From: Michael Everson (firstname.lastname@example.org)
Date: Tue Nov 22 2005 - 13:53:56 CST
At 18:44 +0100 2005-11-22, Andreas Prilop wrote:
>On Fri, 18 Nov 2005, Michael Everson wrote:
>> German was not, in Roman type, normally written with the long s.
>It /could/ and it was also written with "long s" as
>Asmus Freytag already pointed out. Not always, but it could.
I *said* "was not NORMALLY written".
> > I really don't have time today to look these up.
>> Fine, Andreas, go to the Wikipedia
>So you expect other people to follow the references but you yourself
>refuse to do the same?
Well, it's not my job to go and do the work required for you to prove
to the RA-JAC that there are grounds to add a code for the variants
you have suggested. I have taken time out to describe the reasons
Latf and Latg were added. To my knowledge, no similar reasons apply
for Arabic, apart from font classification, which is not what ISO
15924 is for.
>When an HTML document is encoded in UTF-8, we can specify only by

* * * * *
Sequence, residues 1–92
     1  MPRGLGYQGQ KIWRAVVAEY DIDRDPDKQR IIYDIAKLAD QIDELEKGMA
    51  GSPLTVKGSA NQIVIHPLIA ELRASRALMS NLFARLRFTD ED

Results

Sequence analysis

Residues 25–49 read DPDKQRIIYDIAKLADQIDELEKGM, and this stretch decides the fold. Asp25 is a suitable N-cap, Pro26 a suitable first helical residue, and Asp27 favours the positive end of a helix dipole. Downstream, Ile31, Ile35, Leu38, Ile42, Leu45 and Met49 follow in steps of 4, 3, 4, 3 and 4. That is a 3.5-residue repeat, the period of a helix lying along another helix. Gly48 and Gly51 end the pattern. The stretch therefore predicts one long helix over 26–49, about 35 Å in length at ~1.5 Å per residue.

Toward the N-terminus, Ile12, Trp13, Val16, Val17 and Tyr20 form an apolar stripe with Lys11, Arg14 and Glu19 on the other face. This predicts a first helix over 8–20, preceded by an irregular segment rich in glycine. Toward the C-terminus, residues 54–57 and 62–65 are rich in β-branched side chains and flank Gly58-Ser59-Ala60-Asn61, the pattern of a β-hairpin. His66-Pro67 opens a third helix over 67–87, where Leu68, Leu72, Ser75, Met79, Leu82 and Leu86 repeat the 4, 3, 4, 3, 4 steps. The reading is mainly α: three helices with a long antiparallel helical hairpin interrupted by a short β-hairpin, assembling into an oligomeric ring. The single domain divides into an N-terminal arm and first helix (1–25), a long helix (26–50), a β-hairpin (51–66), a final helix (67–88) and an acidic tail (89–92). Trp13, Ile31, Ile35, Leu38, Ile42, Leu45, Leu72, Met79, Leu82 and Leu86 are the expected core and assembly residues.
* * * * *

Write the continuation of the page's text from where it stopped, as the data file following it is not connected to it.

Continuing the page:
> lang=zh-CN or lang=zh-TW
>whether a program should display it in Simplified or
>Traditional Chinese typeface.
RFC 3066 allows greater precision.
>Mozilla-based browsers do this. A better, more logical way is by
> lang=zh-Hans or lang=zh-Hant
>I'm not sure whether the latest Mozilla browsers already support this.
I do not know if this is "better" or "more logical", but RFC permits this
>It should likewise be possible to specify by
> lang=fa-**** lang=ur-****
>whether a Persian or Urdu text should be displayed in Naskh or
>Nastaliq style by the browser.
Should this be permissable "in principle" or "in theory" or is there
a genuine requirement to make this distinction apart from your
-- Michael Everson * http://www.evertype.com
This archive was generated by hypermail 2.1.5 : Tue Nov 22 2005 - 14:01:45 CST